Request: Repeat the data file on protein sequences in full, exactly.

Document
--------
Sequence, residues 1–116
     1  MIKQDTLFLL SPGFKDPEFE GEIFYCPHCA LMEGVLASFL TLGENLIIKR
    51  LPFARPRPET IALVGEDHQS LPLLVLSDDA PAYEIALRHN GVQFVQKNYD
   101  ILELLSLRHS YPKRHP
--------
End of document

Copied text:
Sequence, residues 1–116
     1  MIKQDTLFLL SPGFKDPEFE GEIFYCPHCA LMEGVLASFL TLGENLIIKR
    51  LPFARPRPET IALVGEDHQS LPLLVLSDDA PAYEIALRHN GVQFVQKNYD
   101  ILELLSLRHS YPKRHP